For the first time in thirteen years, Nokia’s credit rating has been downgraded by Standard & Poor’s Rating Service. The Finnish phone maker, which has held an A rating since 1998, has been under the financial microscope in recent years due to the rise of its competitors and, more recently, for its software deal with Redmond-based Microsoft. “The downgrade reflects the revision of our business risk profile assessment on Nokia to ‘satisfactory’ from ‘strong,’” writes S&P in its report. “We expect that Nokia’s smartphone portfolio will make further significant market share losses during 2011 and 2012 until it has completed its adoption of Microsoft’s Windows Phone software as its new primary software platform for smartphones.” The company’s new credit rating is A-. Nokia’s smartphone market share fell 9-points last year, from 40% in Q4 of 2009 to 31% in Q4 of 2011. The company’s stock was trading down slightly on the news. More →
In the wake of Tuesday’s Netflix Instant outage, the company has issued a mea culpa and service credit to affected users. “We are sorry for the inconvenience this may have caused,” reads an email from Netflix. “If you attempted and were unable to instantly watch TV episodes or movies yesterday, click on this account specific link in the next 7 days to apply your 3% credit to your next billing statement for your Watch Instantly Unlimited plan.” The note does not explain why the service when down, rather it references “technical issues.” The full text of the letter is after the break.
U.S. wireless carrier Sprint has launched a new promotion that aims to ease the financial pain of cellular defectors. Through April 16th, the company will offer a $125 service credit to users that port their number to Sprint from another carrier and sign a two-year smartphone contract. If a smartphone is not in your future, Sprint will offer a $50 service credit to those users porting to a non-smartphone plan. After moving your number over, apply for the credit, and 60 days later an service credit will appear on your wireless statement. The offer is available to those that migrate a line of service from another carrier via Sprint’s online store, phone sales team, or retail locations. More →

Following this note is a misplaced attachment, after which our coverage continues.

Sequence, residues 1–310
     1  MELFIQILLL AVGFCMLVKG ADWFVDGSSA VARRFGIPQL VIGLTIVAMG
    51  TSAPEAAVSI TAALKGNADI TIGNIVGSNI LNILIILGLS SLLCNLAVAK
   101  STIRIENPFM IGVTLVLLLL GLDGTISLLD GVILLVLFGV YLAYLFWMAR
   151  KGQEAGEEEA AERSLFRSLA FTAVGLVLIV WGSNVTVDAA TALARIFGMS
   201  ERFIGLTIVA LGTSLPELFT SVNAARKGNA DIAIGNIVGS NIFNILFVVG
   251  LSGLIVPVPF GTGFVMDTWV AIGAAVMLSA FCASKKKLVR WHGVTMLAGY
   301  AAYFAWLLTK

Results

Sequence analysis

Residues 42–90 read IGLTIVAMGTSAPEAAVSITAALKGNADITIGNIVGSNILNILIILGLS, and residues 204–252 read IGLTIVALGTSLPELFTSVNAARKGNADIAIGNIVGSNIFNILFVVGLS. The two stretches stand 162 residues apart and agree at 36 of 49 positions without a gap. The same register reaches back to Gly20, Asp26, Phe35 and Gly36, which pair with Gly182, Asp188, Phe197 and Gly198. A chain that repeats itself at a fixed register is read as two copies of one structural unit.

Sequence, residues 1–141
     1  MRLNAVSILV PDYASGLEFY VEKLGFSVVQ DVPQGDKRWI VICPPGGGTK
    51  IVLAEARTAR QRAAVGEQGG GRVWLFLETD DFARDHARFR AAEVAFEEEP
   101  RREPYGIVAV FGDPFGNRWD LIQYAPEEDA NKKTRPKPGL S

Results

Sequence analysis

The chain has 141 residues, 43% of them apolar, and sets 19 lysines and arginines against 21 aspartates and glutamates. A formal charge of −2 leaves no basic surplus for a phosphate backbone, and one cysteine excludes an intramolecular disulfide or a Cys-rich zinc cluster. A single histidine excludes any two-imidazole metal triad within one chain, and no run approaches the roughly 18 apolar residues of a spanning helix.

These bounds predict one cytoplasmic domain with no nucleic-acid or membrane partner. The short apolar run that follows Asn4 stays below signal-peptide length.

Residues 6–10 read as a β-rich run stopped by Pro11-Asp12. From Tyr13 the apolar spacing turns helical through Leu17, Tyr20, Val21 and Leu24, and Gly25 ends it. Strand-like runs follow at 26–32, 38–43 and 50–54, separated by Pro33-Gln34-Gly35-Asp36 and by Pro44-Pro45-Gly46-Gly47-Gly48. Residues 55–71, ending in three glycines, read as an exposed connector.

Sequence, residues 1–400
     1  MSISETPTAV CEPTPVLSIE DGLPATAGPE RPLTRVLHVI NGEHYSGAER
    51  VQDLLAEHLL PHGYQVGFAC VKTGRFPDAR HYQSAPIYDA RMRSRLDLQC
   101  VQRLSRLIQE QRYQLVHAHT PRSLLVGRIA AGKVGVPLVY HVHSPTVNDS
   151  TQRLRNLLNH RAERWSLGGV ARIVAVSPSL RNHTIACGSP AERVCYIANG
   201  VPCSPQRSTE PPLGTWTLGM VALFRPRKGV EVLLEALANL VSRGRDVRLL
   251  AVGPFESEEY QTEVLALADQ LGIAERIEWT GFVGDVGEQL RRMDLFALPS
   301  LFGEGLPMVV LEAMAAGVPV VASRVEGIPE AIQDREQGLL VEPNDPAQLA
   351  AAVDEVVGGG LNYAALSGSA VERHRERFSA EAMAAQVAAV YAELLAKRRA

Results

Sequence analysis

If you’re a frequent Skype user, you probably noticed, or heard about, a massive outage that the service was experiencing last week. In a blog post today, the VoIP company’s CIO, Lars Rabbe, explained exactly what happened to cause the interruption.
On Wednesday, December 22, a cluster of support servers responsible for offline instant messaging became overloaded. As a result of this overload, some Skype clients received delayed responses from the overloaded servers. In a version of the Skype for Windows client (version 5.0.0152), the delayed responses from the overloaded servers were not properly processed, causing Windows clients running the affected version to crash.
Users running either the latest Skype for Windows (version 22.214.171.124), older versions of Skype for Windows (4.0 versions), Skype for Mac, Skype for iPhone, Skype on your TV, and Skype Connect or Skype Manager for enterprises were not affected by this initial problem.
However, around 50% of all Skype users globally were running the 126.96.36.199 version of Skype for Windows, and the crashes caused approximately 40% of those clients to fail. These clients included 25–30% of the publicly available supernodes, also failed as a result.
Along with its official mea culpa, Skype has begun sending emails to some of the affected users offering a $1 service credit. Skype asserts that it has taken measures to prevents such an outage from happening again. More →